“The very first (aortic dissection) surgeon went to a fabric store and sewed the tube on his wife’s sewing machine,” Lehr said. “It’s gotten a little bit more sophisticated since then.”

While operating, the surgeons discovered that Ward also has atrial fibrillation, the most common type of irregular heartbeat. It affects at least 2.7 million Americans, many over the age of 50.

According to the American Heart Association, atrial fibrillation, also known as AFib, can lead to blood clots, stroke, heart failure and other heart-related complications. Symptoms include palpitations, shortness of breath and fatigue.

Treatment includes blood thinners and medication to steady the heart rate and rhythm. In Ward’s case, a procedure called an ablation, which purposely scars the defective part of the heart to prevent it from passing on unwanted signals, was performed.

Ward was in the intensive care unit for five days and at Swedish for three weeks.

After a week at Mountain View Rehabilitation and Care Center in Marysville, however, it was clear she wasn’t recuperating as quickly as her doctor had hoped. If she climbed four stairs or walked 10 feet, she would lose her breath.

At Swedish for a checkup, Ward couldn’t catch her breath at all.

In the emergency room, doctors found out that her left lung was filled with fluid. They extracted the fluid with a 12-inch needle through her back. After that, she could breathe again.

Fluid in the lungs, known medically as pulmonary edema, is one of the more common reactions and one of the most serious complications of open-heart surgery.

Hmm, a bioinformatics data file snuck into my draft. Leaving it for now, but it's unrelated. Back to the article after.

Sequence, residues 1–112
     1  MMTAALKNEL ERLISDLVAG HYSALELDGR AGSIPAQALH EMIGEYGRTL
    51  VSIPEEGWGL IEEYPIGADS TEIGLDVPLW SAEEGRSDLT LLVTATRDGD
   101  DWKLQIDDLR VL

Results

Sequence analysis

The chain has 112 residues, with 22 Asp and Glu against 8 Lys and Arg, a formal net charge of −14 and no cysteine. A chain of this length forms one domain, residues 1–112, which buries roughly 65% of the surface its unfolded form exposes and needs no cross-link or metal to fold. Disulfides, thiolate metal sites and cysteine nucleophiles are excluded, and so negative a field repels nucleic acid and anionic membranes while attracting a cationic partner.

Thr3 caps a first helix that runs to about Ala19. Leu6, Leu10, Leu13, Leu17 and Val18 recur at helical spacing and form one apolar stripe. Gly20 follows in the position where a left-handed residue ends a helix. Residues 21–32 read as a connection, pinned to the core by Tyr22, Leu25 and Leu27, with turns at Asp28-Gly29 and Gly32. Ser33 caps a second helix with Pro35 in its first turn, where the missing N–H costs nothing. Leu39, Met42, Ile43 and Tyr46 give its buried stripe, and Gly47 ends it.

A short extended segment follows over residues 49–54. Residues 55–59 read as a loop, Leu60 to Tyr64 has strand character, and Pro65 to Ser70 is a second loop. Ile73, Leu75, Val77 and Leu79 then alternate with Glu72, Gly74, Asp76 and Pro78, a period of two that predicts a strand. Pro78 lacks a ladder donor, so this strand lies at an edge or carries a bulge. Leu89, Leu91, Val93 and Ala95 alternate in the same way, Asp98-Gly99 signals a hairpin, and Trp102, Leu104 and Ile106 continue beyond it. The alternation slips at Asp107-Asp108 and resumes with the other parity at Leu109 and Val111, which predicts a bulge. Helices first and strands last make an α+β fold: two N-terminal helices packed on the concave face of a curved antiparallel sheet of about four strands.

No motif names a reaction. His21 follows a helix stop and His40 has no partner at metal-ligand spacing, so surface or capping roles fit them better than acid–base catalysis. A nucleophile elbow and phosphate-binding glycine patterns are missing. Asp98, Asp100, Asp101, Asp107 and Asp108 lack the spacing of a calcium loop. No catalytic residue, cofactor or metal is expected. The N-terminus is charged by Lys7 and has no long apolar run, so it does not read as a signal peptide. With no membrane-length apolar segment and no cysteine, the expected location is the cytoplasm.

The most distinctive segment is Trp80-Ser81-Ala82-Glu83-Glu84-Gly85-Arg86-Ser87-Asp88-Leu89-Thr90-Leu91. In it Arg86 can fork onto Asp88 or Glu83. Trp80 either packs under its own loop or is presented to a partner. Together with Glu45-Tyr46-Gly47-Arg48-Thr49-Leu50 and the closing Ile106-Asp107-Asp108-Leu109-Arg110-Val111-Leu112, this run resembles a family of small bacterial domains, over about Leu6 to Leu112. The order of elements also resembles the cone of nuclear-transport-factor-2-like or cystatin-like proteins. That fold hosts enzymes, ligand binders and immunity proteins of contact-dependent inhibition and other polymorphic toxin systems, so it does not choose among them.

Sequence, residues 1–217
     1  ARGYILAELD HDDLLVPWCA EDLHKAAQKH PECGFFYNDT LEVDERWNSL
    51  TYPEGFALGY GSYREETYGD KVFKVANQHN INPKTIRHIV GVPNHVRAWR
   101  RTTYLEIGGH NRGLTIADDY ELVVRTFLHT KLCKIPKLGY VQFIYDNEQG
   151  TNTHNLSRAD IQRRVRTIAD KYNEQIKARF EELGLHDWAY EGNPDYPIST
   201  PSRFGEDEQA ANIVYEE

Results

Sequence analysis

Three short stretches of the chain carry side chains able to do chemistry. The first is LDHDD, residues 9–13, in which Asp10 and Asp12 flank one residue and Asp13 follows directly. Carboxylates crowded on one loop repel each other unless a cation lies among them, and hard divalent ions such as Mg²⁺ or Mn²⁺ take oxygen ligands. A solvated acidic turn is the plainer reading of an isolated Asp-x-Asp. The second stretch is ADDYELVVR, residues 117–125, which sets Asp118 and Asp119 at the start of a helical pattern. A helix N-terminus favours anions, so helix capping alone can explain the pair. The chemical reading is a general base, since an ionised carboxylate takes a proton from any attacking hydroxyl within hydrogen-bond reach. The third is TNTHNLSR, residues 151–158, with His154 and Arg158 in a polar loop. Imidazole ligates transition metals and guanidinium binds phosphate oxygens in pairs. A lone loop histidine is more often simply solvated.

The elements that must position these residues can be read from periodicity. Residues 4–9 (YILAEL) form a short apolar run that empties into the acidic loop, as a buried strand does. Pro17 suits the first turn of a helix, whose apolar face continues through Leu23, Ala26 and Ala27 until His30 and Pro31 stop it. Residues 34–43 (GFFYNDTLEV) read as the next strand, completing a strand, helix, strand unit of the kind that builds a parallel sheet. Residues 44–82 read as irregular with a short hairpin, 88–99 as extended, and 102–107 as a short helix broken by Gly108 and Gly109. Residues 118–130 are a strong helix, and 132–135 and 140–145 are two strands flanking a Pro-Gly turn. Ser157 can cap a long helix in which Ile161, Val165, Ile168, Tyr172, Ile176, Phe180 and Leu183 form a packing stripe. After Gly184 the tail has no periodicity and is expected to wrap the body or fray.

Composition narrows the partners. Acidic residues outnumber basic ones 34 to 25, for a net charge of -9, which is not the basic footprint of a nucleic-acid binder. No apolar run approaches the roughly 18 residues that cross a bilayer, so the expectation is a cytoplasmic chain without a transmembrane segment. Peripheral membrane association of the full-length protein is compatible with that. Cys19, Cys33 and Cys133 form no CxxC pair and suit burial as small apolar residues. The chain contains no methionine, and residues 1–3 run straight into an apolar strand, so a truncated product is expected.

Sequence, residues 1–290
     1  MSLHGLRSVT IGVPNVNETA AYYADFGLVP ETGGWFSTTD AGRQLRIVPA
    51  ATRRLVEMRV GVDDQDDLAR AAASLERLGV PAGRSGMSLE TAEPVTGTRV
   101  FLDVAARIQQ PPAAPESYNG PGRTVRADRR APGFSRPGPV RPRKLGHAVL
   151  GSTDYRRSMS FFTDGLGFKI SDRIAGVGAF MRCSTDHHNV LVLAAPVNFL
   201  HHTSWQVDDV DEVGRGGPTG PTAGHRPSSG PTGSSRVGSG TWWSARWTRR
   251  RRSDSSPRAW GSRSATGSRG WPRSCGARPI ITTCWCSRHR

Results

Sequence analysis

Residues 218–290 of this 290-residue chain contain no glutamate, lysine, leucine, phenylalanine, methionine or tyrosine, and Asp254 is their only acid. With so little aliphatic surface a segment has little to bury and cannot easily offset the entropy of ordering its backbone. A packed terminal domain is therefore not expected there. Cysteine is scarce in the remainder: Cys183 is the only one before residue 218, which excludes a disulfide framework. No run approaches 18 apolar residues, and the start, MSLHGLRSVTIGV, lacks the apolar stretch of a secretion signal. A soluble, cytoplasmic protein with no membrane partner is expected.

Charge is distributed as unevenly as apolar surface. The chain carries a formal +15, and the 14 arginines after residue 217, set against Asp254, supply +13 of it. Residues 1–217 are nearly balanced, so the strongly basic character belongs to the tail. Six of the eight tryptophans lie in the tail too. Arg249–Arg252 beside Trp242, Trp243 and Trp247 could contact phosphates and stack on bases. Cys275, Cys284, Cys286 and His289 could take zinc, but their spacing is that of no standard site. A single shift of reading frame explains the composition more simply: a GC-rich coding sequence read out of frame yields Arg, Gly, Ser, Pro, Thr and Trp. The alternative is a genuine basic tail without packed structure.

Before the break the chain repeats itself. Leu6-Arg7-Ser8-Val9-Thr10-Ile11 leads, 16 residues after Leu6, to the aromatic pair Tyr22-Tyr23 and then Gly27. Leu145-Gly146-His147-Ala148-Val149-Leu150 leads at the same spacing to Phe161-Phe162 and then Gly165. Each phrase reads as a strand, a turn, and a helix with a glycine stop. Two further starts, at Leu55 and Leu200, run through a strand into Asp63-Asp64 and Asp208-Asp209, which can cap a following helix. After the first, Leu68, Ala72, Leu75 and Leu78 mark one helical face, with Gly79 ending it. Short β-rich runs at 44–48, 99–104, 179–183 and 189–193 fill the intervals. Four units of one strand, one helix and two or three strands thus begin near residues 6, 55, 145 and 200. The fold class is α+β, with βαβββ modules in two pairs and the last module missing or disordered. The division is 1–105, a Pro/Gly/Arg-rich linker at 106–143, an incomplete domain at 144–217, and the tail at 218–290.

With her lungs cleared, Ward could climb stairs and walk distances without gasping for breath. She finished rehab in a flash.

It took 12 weeks for her breastbone to heal. Her scar, 7 inches long and in the middle of her chest, is healing nicely.

“I bet 20 nurses have looked at it,” Ward said, “and they say it’s one of the best scars they’ve ever seen.”

Message from above

Ward has been a police and fire chaplain for nearly 20 years. She volunteers for the Mukilteo Police Department and the Lake Stevens and Everett fire departments. She also is a pastor, so she can officiate weddings, lead funerals and give the opening or closing prayer at church.

Like Ward, her doctor is a person of faith. Lehr, the hospital’s director of cardiac surgery research and education, calls her a miracle.

He estimates that doctors at Swedish Cherry Hill repair one torn aorta per week.

Lehr has been surgically repairing aortas for nine years, but he had never seen a case like Ward’s.

“She was a miracle for three reasons,” he said. “One, she suffered a cardiac arrest because of her dissection; two, because her aorta was completely ruptured and; three, she was on blood thinners (for high blood pressure), which could have easily caused her to bleed to death before she got to the hospital.